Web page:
Concordia University locale / SAT 7-17-10 / British home of Cow Tower Dragon Hall / End of tile game's name / I.B.M. event 1915 / Visionary 1921 drama
Saturday, July 17, 2010
William Christopher Handy (November 16, 1873 – March 28, 1958) was a blues composer and musician, often known as the "Father of the Blues". // Handy remains among the most influential of American songwriters. Though he was one of many musicians who played the distinctively American form of music known as the blues, he is credited with giving it its contemporary form. While Handy was not the first to publish music in the blues form, he took the blues from a not very well-known regional music style to one of the dominant forces in American music. // Handy was an educated musician who used folk material in his compositions. He was scrupulous in documenting the sources of his works, which frequently combined stylistic influences from several performers. He loved this folk musical form and brought his own transforming touch to it. (wikipedia)
Soooo many question marks today. I find that when that total gets about, say, half a dozen, I start to get annoyed. Today: a full dozen "?" clues by my count, some good (7D: Shell collection? PUMPS — finished the puzzle before I understood that one); some just OK (39D: Way of the world? TAO); some obvious (51D: Runner given the boot? SKI); and at least one a crossword cliché (35A: Is for more than one? ARE). Kind of liked the odd double-Gymnastics school supply / supplies clues (CHALK / MATS), even though my go-to answer, TALC/S, was wrong in both cases. JIVEY is jive (30D: Swinging) and JONGG looks wrong, but isn't (30A: End of a tile game's name). Nursery stuff was new to me in both cases: TREE TAGS (10D: Nursery IDs) and ROSE LEAVES (13D: Bouquet greenery), though the latter wasn't unheard of, just ... not a coherent, crossworthy entity in my mind.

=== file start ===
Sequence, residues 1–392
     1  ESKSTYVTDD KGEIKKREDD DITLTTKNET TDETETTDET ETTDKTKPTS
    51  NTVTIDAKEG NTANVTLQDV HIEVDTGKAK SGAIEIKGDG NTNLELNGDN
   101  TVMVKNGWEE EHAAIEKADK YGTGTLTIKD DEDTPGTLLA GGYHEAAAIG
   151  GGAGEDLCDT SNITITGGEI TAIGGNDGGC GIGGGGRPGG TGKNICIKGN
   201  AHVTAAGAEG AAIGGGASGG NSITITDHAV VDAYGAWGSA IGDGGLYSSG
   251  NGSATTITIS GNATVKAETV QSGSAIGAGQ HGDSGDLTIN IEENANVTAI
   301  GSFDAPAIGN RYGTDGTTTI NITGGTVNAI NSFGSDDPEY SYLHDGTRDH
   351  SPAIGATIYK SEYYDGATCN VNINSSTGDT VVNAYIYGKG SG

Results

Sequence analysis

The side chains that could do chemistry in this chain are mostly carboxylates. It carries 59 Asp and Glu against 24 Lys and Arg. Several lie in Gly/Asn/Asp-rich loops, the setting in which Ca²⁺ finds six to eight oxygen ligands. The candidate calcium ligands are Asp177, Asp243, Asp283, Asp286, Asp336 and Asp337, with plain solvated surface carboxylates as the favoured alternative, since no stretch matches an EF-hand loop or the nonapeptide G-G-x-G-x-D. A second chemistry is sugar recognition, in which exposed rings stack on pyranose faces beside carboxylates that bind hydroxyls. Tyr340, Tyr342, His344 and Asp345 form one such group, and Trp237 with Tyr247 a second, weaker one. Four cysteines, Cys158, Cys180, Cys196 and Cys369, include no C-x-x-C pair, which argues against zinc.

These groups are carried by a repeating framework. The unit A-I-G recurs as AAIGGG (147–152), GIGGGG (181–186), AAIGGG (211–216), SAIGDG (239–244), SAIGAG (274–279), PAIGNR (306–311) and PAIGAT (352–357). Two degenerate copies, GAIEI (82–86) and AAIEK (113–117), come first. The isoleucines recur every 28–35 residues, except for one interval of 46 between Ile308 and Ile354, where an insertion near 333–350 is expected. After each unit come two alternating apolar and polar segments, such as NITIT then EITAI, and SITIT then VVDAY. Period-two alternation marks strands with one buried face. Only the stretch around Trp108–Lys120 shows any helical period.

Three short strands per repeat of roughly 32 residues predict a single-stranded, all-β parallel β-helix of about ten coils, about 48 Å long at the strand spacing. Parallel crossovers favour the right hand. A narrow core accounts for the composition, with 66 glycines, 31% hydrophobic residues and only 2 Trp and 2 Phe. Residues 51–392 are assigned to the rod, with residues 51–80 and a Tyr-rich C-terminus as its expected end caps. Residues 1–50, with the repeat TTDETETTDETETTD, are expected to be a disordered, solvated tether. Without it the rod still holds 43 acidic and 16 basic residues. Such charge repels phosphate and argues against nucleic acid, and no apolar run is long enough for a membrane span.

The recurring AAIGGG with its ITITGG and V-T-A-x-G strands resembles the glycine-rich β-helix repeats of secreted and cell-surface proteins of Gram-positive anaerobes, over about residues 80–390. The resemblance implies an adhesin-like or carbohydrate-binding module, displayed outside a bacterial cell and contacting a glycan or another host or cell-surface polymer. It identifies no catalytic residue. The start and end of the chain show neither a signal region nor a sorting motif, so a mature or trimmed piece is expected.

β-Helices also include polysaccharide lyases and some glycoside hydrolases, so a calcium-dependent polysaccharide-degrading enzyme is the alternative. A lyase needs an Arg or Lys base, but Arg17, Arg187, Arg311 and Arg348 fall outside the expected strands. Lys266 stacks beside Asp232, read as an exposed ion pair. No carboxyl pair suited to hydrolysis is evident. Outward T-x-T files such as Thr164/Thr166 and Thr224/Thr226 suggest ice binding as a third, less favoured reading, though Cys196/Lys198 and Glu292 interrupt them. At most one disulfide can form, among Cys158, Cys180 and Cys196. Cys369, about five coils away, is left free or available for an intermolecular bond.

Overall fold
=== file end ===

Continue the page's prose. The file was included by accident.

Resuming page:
- 15A: Bauxite or cryolite (ALUMINUM ORE) — "-ITE" suffixes tell you ORE. A few crosses tell you the rest.
- 17A: One whose shots reveal lots (BIKINI MODEL) — was thumbing through a beautiful book of Gil Elvgren pin-ups before starting in on this puzzle. An American Treasure, that man. He and Rockwell are the yin/yang of mid-century American illustration. Fantastic.
- 25A: Concordia University locale (ST. PAUL) — see, once I finally got BUS, this answer leapt forth. Before I knew it ended -UL, I wanted ... ISRAEL. I know, Concordia is Latin, whatever.
- 32A: Hydroelectricity providers? (EELS) — kind of obvious. The "?" here reveals more than it conceals (anomalous).
- 45A: ___ Poke (candy on a stick) (SLO) — neeeeever heard of it. Before my time, but like much retro candy, available from online specialty shops.
- 48A: Visionary 1921 drama ("R.U.R.") — another short gimme. A 1920s play in three letters. I can think of only two plays in three letters, and TRU is much later.
- 22D: I.B.M. event of 1915 (IPO) — and another short gimme, though I did have the "I" before I saw the clue, so maybe that made it easier than it might have been otherwise.
- 26D: 2003 spy thriller starring Al Pacino and Colin Farrell ("THE RECRUIT") — can't even remember seeing ads for this. "THE ... something FRUIT?"
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